...Profiling stories aren’t Whodunits; they’re Hedunits.
In the Hedunit, the profiler does not catch the criminal. That’s for local law enforcement. He takes the meeting. Often, he doesn’t write down his predictions. It’s up to the visiting police officers to take notes. He does not feel the need to involve himself in the subsequent investigation, or even, it turns out, to justify his predictions. Once, Douglas tells us, he drove down to the local police station and offered his services in the case of an elderly woman who had been savagely beaten and sexually assaulted. The detectives working the crime were regular cops, and Douglas was a bureau guy, so you can imagine him perched on the edge of a desk, the others pulling up chairs around him.
That's from the latest demolition job from Malcolm Gladwell. He sets up the article with what sounds like an amazing success story in profiling, where the hero provides police officers vital clues in amazing detail ("When you catch him ... he'll be wearing a double-breasted suit. ... And it will be buttoned.") that allow the latter to nail some nasty psychopaths. He slowly works his way up to a thorough debunking of the entire profiling enterprise (at least, the FBI's version of it). Here's some seriously delicious stuff:
... when [Laurence Alison, one of the leaders of the Liverpool group and the author of “The Forensic Psychologist’s Casebook,”] broke down the rooftop-killer analysis, sentence by sentence, he found that it was so full of unverifiable and contradictory and ambiguous language that it could support virtually any interpretation.
Astrologers and psychics have known these tricks for years. The magician Ian Rowland, in his classic “The Full Facts Book of Cold Reading,” itemizes them one by one, in what could easily serve as a manual for the beginner profiler. First is the Rainbow Ruse—the “statement which credits the client with both a personality trait and its opposite.” (“I would say that on the whole you can be rather a quiet, self effacing type, but when the circumstances are right, you can be quite the life and soul of the party if the mood strikes you.”) The Jacques Statement, named for the character in “As You Like It” who gives the Seven Ages of Man speech, tailors the prediction to the age of the subject. To someone in his late thirties or early forties, for example, the psychic says, “If you are honest about it, you often get to wondering what happened to all those dreams you had when you were younger.” There is the Barnum Statement, the assertion so general that anyone would agree, and the Fuzzy Fact, the seemingly factual statement couched in a way that “leaves plenty of scope to be developed into something more specific.” (“I can see a connection with Europe, possibly Britain, or it could be the warmer, Mediterranean part?”) And that’s only the start: there is the Greener Grass technique, the Diverted Question, the Russian Doll, Sugar Lumps, not to mention Forking and the Good Chance Guess—all of which, when put together in skillful combination, can convince even the most skeptical observer that he or she is in the presence of real insight.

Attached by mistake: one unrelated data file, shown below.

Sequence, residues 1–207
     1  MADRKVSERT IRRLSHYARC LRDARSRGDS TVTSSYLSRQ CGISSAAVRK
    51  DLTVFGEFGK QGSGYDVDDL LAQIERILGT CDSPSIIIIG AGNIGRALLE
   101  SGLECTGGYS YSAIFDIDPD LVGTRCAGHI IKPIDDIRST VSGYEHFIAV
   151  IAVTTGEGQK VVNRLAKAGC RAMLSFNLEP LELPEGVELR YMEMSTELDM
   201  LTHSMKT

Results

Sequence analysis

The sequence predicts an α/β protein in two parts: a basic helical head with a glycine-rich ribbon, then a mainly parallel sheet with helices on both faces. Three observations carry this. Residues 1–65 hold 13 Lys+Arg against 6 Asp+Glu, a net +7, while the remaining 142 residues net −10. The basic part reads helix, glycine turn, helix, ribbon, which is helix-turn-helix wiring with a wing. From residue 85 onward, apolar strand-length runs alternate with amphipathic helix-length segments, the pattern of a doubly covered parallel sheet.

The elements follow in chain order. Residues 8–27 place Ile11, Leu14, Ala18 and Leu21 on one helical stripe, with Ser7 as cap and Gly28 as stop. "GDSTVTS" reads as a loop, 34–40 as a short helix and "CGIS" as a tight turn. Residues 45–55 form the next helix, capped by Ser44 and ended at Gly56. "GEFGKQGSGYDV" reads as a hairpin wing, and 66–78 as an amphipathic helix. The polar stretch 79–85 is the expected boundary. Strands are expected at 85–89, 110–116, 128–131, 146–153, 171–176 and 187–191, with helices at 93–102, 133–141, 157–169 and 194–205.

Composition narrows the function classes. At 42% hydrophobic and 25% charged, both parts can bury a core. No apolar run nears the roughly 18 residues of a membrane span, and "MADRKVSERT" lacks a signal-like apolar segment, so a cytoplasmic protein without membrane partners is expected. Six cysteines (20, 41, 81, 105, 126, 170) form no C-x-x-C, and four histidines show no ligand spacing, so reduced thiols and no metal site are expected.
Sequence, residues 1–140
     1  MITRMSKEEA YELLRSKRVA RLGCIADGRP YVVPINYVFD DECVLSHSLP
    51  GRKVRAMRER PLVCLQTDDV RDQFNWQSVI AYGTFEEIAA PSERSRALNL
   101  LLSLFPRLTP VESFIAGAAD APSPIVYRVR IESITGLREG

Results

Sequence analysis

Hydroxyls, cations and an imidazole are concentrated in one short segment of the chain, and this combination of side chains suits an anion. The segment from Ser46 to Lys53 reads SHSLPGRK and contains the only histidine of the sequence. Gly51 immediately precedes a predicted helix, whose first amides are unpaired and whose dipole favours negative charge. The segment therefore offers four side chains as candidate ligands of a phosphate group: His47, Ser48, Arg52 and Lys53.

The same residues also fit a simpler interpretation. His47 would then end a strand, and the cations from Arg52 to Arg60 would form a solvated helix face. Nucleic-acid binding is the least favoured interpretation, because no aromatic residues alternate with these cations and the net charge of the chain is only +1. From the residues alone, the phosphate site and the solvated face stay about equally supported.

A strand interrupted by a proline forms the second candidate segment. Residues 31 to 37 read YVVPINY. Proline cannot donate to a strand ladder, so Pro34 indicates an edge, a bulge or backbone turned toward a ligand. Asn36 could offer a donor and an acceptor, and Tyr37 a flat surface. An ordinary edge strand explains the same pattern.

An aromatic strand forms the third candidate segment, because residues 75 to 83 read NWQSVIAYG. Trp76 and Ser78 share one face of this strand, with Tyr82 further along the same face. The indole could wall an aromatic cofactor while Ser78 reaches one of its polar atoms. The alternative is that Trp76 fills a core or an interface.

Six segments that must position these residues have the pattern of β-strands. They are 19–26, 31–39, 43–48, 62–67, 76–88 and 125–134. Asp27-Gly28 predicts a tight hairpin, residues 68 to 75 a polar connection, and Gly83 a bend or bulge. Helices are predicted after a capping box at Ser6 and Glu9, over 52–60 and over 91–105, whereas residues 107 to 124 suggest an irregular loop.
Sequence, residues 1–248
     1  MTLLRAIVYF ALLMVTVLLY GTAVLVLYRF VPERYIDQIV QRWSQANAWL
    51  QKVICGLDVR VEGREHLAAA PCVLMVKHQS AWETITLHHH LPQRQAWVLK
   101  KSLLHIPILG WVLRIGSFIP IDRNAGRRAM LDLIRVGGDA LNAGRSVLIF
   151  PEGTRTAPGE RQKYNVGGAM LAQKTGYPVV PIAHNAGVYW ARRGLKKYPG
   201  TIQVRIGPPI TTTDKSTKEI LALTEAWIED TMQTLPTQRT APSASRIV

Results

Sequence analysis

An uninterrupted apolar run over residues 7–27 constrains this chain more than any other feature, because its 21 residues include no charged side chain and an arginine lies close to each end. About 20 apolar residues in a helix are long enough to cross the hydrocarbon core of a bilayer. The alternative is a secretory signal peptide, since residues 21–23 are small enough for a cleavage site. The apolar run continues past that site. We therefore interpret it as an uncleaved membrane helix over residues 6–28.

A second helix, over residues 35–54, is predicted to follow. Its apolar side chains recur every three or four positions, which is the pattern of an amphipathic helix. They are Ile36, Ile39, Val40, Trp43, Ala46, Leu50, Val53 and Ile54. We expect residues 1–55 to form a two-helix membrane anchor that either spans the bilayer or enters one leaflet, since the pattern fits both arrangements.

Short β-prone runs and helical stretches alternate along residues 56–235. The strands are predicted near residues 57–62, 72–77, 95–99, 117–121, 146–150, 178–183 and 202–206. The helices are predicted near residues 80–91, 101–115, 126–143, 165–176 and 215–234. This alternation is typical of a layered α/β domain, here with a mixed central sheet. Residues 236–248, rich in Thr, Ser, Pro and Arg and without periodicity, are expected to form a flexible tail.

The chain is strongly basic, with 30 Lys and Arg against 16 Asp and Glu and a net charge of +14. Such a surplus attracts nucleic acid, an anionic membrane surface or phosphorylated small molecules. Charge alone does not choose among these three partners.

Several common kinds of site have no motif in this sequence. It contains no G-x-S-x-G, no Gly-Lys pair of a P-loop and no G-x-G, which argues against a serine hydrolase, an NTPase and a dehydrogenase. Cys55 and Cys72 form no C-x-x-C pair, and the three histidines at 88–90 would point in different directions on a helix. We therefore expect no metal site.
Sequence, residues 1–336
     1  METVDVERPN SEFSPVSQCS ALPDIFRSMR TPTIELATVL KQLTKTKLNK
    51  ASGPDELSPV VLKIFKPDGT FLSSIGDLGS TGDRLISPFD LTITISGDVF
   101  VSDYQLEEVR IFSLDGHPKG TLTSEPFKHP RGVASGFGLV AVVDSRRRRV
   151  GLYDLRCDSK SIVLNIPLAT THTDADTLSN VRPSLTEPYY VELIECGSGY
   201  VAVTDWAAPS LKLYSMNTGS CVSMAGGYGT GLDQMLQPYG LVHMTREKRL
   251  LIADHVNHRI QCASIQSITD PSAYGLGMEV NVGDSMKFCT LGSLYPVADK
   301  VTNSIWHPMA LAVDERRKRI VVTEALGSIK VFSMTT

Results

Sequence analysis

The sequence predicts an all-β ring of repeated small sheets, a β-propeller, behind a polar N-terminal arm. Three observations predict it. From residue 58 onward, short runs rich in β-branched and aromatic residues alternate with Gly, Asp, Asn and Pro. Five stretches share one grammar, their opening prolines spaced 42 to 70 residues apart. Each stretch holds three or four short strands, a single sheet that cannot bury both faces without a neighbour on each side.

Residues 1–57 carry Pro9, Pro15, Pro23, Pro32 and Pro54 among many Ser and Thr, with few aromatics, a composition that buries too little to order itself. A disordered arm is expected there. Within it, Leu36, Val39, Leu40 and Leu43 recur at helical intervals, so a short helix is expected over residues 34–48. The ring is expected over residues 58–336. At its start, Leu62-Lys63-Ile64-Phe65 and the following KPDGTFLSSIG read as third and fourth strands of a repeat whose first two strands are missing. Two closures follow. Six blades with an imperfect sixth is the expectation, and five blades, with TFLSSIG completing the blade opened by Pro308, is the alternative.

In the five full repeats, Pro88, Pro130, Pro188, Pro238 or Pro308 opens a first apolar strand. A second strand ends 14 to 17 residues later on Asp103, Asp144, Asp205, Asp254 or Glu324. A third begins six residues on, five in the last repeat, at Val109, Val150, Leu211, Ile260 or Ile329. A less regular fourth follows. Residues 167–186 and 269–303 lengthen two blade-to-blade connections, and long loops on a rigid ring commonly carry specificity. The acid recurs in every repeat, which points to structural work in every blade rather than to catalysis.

Fabulous stuff. Go read all of it.